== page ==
Forty-four African countries have signed a historic trade agreement aimed at liberalizing the movement of goods and services across the continent.
Africa is known for its trade routes throughout history. North Africa was a central point for trade activities to the entire Mediterranean region. Outside of Egypt, trade was generally controlled by the Phoenicians who dominated North Africa. Much of the eastern trade was controlled by the Greeks, including along the Red Sea with Ethiopia.
The Egyptian city of Alexandria (founded by Alexander the Great in 334 BC) was known as one of the greatest hubs for Mediterranean trade for many centuries. Nubia in Sudan traded with interior African countries such as Chad and Libya, as well as with Egypt, China, India, and the Arabian Peninsula. For a large part of the 1st millennium AD, the Axumite Kingdom in Ethiopia and Eritrea had a powerful navy and trading links reaching as far as the Byzantine Empire and India. On the east coast, Swahili traders introduced the movement of goods through the Indian Ocean trading network, importing Chinese pottery and Indian fabrics in exchange for gold, ivory, and slaves. As a result, present-day Kenya, Tanzania, and Uganda became a prosperous trade empire.
However, trade was far more limited in interior Africa. Low population densities led to profitable commerce being difficult. The Congo rainforests created a massive barrier, blocking trade through the center of the continent. The arrival of the Islamic armies transformed the economies of much of Africa. This was largely because Arab expansion carried large amounts of trade across the desert by camel.
This expansion resulted in the development of a series of states across the southern parts of the Sahara. One of the first such states was the Kingdom of Ghana. Before long, others such as the Mali Empire and Kanem-Bornu, also came up in the region. These states mainly traded gold, which was plentiful in Guinea. By 1000, Zimbabwe and regions of Southern Africa developed widespread overseas trade across the globe.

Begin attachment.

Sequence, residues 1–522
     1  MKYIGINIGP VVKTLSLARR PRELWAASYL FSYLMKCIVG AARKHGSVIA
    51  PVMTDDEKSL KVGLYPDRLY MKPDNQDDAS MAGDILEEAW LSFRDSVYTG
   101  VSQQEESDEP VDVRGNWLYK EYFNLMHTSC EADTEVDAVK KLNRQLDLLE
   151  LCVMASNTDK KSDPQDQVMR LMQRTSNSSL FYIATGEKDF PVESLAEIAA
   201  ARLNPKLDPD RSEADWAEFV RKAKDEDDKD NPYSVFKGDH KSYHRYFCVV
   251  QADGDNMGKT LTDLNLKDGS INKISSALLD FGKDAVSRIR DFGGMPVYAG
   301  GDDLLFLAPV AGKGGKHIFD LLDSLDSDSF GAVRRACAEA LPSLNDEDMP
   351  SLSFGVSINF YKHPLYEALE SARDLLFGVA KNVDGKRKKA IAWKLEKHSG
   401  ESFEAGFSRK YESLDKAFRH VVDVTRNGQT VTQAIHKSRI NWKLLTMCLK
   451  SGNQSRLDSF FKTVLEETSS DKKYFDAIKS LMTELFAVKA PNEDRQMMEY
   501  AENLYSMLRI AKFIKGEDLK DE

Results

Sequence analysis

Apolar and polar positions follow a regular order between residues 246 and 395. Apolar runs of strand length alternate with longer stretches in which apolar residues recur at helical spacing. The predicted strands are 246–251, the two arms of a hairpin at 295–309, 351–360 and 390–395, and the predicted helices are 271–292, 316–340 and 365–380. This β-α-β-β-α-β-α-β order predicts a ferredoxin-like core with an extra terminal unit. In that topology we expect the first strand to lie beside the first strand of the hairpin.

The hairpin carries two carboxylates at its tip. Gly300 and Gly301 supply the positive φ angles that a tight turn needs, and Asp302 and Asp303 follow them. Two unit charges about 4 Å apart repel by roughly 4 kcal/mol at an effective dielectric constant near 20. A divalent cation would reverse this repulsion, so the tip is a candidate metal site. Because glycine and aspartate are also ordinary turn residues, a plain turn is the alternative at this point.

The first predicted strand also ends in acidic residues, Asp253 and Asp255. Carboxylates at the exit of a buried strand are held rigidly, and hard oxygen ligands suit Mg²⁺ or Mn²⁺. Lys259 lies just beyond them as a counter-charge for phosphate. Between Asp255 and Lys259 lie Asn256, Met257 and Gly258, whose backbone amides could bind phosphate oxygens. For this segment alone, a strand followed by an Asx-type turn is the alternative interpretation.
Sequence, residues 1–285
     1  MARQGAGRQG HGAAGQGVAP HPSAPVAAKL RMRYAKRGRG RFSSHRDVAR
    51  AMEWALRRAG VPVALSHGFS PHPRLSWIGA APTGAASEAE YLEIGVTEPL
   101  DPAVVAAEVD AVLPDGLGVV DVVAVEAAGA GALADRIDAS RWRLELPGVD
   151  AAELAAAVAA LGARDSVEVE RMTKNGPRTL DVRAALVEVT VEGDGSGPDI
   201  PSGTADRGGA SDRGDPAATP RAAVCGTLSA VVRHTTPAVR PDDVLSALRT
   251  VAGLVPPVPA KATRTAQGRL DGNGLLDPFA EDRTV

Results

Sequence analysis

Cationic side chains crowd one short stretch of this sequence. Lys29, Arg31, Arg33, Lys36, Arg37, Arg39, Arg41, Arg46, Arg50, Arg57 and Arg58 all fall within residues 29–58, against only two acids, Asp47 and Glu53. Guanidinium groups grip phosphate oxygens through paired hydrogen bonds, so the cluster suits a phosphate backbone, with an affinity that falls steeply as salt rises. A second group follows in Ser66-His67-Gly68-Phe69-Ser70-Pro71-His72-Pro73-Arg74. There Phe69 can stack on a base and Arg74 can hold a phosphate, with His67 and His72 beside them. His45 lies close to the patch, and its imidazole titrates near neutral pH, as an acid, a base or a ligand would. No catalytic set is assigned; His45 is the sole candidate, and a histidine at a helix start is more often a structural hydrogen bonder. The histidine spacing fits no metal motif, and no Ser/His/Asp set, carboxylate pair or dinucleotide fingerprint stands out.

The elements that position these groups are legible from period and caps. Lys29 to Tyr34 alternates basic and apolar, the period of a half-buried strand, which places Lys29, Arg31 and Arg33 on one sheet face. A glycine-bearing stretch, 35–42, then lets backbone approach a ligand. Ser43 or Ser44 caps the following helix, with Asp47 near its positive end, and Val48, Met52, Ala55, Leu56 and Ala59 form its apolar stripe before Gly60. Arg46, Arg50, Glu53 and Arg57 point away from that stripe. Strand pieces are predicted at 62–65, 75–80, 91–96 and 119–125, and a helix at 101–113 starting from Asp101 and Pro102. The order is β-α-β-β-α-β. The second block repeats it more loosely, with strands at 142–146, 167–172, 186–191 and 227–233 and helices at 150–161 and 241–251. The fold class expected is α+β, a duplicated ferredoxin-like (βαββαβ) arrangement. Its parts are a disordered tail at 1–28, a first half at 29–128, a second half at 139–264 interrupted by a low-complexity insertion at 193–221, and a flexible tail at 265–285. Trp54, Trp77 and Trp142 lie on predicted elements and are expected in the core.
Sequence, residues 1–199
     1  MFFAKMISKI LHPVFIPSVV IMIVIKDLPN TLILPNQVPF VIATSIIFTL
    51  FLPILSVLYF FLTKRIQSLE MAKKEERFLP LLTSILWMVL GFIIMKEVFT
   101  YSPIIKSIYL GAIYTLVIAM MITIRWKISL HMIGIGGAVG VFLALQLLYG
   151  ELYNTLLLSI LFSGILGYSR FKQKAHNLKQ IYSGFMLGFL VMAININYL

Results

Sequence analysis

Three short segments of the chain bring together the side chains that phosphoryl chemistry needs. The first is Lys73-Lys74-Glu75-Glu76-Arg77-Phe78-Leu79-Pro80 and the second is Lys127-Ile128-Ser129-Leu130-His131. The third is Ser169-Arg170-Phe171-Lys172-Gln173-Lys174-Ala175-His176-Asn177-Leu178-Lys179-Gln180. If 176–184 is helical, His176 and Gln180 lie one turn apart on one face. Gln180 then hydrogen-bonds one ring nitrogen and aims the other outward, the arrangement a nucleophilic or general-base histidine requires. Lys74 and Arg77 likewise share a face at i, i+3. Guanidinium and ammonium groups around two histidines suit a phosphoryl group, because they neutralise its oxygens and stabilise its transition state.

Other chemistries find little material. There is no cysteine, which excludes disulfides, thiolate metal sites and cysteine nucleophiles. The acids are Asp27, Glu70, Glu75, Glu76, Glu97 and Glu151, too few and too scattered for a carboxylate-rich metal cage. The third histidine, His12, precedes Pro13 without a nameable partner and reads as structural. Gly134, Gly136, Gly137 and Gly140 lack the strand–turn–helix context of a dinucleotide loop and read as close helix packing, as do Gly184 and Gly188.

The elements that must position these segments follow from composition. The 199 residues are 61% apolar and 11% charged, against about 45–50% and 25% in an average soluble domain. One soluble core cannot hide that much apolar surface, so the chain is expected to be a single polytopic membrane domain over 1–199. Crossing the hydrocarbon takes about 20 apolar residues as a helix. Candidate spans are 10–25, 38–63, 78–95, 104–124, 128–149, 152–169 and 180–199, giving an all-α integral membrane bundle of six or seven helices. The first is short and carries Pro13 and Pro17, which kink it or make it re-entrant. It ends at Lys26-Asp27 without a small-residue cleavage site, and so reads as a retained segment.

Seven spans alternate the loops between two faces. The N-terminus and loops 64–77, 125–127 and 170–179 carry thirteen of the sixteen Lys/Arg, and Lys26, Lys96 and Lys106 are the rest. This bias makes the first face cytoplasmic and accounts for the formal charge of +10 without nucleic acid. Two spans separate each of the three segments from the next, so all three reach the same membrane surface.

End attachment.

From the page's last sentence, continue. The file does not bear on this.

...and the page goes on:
Forty-four African countries signed an agreement establishing a free trade area, highlighting the importance of the continent’s economic development. The African Continental Free Trade Area (AfCFTA) was signed during the 10th Ordinary Session of African Union Heads of State summit held in the Rwandan capital, Kigali.
The AfCFTA denotes the world’s largest free trade agreement since the inception of World Trade Organization in 1995. Nineteen presidents from across the continent were present, along with Prime Ministers and government representatives who signed for their respective countries.
“The agreement establishing the AfCFTA was signed by 44 countries,” said Moussa Faki Mahamat, chairperson of the AU commission. The creation of a free trade area comes after two years of negotiations, and is one of the AU’s flagship projects for further African integration.
The full list of countries that signed the agreement is not yet available. However, economic powerhouses such as South Africa, Kenya, Morocco, Egypt, Ethiopia, and Algeria, which are known for strict protectionist policies restricting imports and exports, signed the deal. On the other hand, Nigerian President Muhammadu Buhari refused to sign stating that he needed more time for consultations. Nigeria is one of the Africa’s largest markets. It received several objections from local business leaders and unions, indicating that the deal will need to pass through various national parliaments and may face several obstacles.
“Some countries have reservations and have not finalized their national consultations. But we shall have another summit in Mauritania in July where we expect countries with reservations to also sign,” said Albert Muchanga, the AU Commissioner for Trade and Industry.
It should be noted that if all 55 African Union members sign the agreement, it will create a bloc with a cumulative GDP of US$2.5 trillion and cover a market of 1.2 billion people. At present, African countries conduct only 16% of their business with each other. It is known to be the smallest amount of intra-regional trade compared to Latin America, Asia, North America, and Europe.
Our assessment is that the signing of the AfCFTA would foster Africa’s re-industrialization process and strengthen their economies. Trade between African countries is extremely low. It accounts for only 10% of all commerce on the continent in comparison to 25% in Southeast Asia. We believe that Africa needs intra-trade rather than external aid and loans. While intra-African trade can bring economic benefits to member countries, there should be extensive consultation and participation to avoid the drawbacks of past trade agreements. The agreement is still to be ratified at a national level, and is only due to come into force in 180 days.